Sam Dunn: Invest now, or get a rude awakening

Best of luck to Ros, Julian and Brian. Ms Altmann, a pensions specialist who has advised the No 10 policy unit, Professor Franks of the London Business School and Mr Steeples, president of the Personal Finance Society, are among those charged with no small task: steering the investment industry through stormy waters. They're all key speakers at next month's annual conference of the Investment Management Association.

Best of luck to Ros, Julian and Brian. Ms Altmann, a pensions specialist who has advised the No 10 policy unit, Professor Franks of the London Business School and Mr Steeples, president of the Personal Finance Society, are among those charged with no small task: steering the investment industry through stormy waters. They're all key speakers at next month's annual conference of the Investment Management Association.

Among the topics up for hot discussion is "long-term savings for the 21st century", and it's to be hoped that barnstorming speeches will spark fresh impetus to get the British public investing again.

Heaven knows, we need it.

Figures for sales of equity individual savings accounts (ISAs) from last January to 5 April - the end of the tax year - show we invested £897m, some £100m less than last year. And this in a 12-month period that saw the FTSE-100 index rise by more than 500 points and break through the confidence-boosting 5,000 barrier.

But unfortunately, I'm not optimistic that the conference will lead to frenzied investment activity. Somewhere, the message that investing in the stock market is worthwhile is still getting badly scrambled.

Certainly not helping the situation are the likes of Credit Suisse and Threadneedle fund managers, who recently decided they actually needed to raise their charges to customers.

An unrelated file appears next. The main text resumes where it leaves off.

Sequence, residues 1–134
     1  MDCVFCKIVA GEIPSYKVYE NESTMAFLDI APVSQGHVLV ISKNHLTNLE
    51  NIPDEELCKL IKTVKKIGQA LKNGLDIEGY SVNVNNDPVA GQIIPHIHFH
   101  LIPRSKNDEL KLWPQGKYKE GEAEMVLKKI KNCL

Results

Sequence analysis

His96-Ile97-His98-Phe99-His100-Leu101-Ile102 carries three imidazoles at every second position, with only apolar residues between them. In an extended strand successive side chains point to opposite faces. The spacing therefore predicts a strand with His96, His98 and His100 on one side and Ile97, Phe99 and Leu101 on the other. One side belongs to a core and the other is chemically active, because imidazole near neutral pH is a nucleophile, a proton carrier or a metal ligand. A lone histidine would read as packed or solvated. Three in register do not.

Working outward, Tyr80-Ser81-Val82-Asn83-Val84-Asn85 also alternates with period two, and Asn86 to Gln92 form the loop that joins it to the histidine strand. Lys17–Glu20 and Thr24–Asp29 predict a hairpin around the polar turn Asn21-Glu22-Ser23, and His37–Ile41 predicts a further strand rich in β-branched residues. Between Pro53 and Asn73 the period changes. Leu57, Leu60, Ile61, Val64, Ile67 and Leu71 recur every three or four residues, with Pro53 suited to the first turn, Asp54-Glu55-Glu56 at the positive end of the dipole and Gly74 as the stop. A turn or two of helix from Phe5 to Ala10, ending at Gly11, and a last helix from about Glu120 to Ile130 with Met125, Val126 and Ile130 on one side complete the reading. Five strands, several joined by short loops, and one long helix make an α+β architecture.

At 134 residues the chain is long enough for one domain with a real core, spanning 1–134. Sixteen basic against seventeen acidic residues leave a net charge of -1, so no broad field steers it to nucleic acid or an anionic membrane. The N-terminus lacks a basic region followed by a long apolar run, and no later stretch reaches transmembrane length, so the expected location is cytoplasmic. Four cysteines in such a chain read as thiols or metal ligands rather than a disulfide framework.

Encouraging more savers to keep part of their portfolio in shares - particularly through an ISA - shouldn't be such a struggle. Over 15 to 20 years, the potential returns are far higher than with cash deposits or bonds. Long-term, tax-free savings via a pension or ISA can transform our lives in retirement. Fund managers, life companies and even employers all need to spread this message more clearly.

But responsibility also rests with consumers, who must overcome their fear of the markets. A "drip-feed" investment of as little as £20 a month is all that is required to help restore confidence. Yet many people still retain a mindset that ridicules any investment for their old age apart from buying property.

I was out with friends in the May sunshine last weekend when an angry cloud floated into view. Turning on pensions and stock markets, my friends claimed both were "a waste of time" and not to be trusted. In fact, one voice piped up, premium bonds were your best bet.

But lobbing your life savings into a lottery where they earn no interest and get eaten up by inflation is no way to provide for your old age.

When my friends' misguided beliefs prevail, we all have a long, long way to go.

Bring back this Bill

As the general election campaign took away, so now the new government should give back.

The election announcement in early April forced the Consumer Credit Bill to be abandoned as Parliament was dissolved. The Bill would have introduced tough rules to curb loan sharks and unfair credit agreements.

There was no time, the Government said, to see it through, even though it had secured cross-party support and completed its reading in the Commons.

Labour must now draw up flagship bills for the Queen's Speech on 17 May. It's to be hoped a new Consumer Credit Bill will be among them, and given its proper place as a priority.

s.dunn@independent.co.uk

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